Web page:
Luther West came to Northern in 1938 as a one-man biology department charged with teaching all courses in the biology curriculum, including one entitled Heredity and Eugenics, that had been offered at Northern since 1917. That course was modified over time, with less attention given to the eugenics portion and eventually was dropped completely under West’s oversight, becoming strictly a genetics course.

During West’s 27-year tenure, he helped Northern grow from a small teachers college to a full university. His time at Northern was also followed by a decade of volunteer service in research projects connected to his specialty, the housefly. During World War II, in the Army Medical Corps, he taught sanitation classes on how the housefly could spread disease and how to control them. He also worked after the war with the World Health Organization to improve sanitary conditions in developing countries, improving the lives of millions around the world. In 1949, he wrote Northern’s song “Hail Northern” for the 50th anniversary of the college. As department head, he built the biology department into a very strong program with a faculty complement of 15 faculty members before becoming Dean of Arts and Sciences for two years before retirement.

After West retired in 1965, his oldest grandson came to Northern. This is where I come into the picture. However, my family has a long history with Northern going back to a previous generation. My father attended Northern before he went on to West Point in 1942. My mother graduated from Northern in 1944. I received my B.A. in 1969 and an M.A. in 1971. My wife was in the class of 1970. Our son attended in the 1990s and his wife graduated in 1993. Since coming to Marquette, I have been a permanent resident.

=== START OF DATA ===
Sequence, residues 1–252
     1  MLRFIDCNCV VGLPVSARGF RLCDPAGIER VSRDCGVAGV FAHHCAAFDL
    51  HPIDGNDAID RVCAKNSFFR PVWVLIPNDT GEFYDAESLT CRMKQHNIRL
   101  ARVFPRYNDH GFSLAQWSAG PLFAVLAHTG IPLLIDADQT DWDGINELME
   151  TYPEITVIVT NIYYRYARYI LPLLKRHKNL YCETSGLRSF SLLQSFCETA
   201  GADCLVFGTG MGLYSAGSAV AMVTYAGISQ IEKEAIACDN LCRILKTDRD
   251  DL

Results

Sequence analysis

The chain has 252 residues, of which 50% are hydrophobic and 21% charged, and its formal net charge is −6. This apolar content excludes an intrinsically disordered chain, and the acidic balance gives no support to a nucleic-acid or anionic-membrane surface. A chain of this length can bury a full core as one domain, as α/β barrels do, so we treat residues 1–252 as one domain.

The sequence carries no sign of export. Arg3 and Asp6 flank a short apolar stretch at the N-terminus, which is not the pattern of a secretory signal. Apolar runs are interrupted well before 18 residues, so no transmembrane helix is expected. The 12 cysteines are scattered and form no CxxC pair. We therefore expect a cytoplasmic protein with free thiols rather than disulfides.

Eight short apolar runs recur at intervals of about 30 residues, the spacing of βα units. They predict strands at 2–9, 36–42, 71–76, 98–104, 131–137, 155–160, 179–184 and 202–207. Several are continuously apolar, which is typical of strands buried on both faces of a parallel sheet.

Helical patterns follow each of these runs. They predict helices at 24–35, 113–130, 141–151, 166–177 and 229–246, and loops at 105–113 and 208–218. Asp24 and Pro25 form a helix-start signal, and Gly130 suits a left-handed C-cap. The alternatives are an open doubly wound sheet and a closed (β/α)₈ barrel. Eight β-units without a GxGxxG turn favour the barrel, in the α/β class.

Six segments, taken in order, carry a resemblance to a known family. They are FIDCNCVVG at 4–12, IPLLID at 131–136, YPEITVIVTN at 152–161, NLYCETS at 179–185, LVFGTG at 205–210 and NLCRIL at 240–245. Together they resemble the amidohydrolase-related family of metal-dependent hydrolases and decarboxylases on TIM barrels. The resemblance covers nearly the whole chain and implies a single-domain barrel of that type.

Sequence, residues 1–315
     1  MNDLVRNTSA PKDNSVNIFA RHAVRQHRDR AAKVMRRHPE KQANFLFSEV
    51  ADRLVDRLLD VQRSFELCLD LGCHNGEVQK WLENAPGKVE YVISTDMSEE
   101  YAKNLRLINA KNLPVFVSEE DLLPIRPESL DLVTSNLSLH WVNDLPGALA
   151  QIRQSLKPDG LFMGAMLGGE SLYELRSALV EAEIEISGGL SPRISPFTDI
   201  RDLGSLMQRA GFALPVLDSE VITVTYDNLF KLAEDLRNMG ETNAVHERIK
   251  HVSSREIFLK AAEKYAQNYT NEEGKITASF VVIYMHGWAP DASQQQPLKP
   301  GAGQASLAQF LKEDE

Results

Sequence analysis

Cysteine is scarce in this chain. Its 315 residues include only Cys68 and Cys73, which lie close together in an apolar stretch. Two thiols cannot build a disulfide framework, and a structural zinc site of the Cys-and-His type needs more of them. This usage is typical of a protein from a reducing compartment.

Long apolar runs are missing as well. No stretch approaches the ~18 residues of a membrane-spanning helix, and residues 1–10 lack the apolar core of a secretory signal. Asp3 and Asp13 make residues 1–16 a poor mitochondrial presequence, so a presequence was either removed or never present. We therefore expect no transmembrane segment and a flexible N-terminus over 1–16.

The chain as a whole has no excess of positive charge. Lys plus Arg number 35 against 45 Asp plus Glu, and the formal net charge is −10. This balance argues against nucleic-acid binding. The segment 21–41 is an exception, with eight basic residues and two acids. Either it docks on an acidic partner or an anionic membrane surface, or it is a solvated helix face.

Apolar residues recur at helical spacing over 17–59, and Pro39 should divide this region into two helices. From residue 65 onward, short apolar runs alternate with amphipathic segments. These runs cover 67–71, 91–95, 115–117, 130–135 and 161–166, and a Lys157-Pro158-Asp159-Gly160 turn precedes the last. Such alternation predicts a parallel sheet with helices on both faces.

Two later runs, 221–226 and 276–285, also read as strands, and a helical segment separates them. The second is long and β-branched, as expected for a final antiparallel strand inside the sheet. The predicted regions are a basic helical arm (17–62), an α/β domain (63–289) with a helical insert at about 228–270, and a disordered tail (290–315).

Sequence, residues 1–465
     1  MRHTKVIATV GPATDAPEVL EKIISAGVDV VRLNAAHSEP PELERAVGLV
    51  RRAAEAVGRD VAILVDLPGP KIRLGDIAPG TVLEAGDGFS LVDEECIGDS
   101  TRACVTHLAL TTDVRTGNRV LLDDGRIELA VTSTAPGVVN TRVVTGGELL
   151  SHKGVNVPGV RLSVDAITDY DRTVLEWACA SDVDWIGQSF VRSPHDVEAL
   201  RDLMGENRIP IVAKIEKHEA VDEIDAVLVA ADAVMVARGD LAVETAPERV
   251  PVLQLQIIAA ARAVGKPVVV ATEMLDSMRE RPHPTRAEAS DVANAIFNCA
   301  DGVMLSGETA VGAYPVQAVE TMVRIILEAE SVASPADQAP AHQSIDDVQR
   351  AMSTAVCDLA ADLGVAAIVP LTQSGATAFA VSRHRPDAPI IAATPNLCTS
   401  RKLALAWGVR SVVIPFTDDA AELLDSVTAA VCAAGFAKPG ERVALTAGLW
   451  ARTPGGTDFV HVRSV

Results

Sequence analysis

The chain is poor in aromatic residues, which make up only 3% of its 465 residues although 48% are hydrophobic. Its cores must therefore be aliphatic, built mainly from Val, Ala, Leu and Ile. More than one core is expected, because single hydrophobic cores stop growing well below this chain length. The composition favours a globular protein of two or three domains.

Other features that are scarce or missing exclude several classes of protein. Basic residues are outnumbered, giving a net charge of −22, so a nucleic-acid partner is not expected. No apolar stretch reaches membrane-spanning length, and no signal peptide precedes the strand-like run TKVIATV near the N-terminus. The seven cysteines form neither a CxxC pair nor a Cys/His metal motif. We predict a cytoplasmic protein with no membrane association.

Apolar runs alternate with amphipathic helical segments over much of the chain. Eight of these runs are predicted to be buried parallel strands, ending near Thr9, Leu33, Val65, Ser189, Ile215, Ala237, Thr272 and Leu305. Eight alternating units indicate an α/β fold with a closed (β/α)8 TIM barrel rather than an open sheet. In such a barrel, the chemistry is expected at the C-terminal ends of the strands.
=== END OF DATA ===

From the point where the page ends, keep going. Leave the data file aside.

During the last 20 years of his life, I got to know my grandfather Luther West very well and was even his guardian in his last incapacitated years. I also became aware of his reputation. All who knew him liked, admired and respected him. He served as a board member for St. Luke’s Hospital. He was a pillar of the Methodist Church. He worked with the Family Service Society. He received a citizen of the year award from the Rotary Club. Unfortunately, most of those who could speak for him are no longer alive. He was a good, honest, decent person who served his family, his church, his community and the university with respect and diligent efforts.

To rip down a lifetime’s reputation because there was an association with a theory almost 100 years ago is unfair and unjust. The current situation harkens back to 1950s McCarthyism when allegations of association to communism were equated with guilt, and a person’s reputation and career were forfeited. 

If the cancel culture of today is successful in using this process to expel people from history, then no one is safe. A person must be considered innocent until proven guilty. More due diligence is needed for a verdict to be made. West was not a perfect person, but he was a very good one. He should be allowed more time for a defense.

—John R. West, NMU alumnus and grandson of Luther S. West

Editor’s Note: The North Wind is committed to offering a free and open public forum of ideas, publishing a wide range of viewpoints to accurately represent the NMU student body. This piece is a letter to the editor, written by a reader of the North Wind in response to North Wind content. It expresses the personal opinions of the individual writer and does not necessarily reflect the views of the North Wind. The North Wind reserves the right to avoid publishing letters that do not meet the North Wind’s publication standards. To submit a letter to the editor contact the opinion editor at [email protected] with the subject North Wind Letter.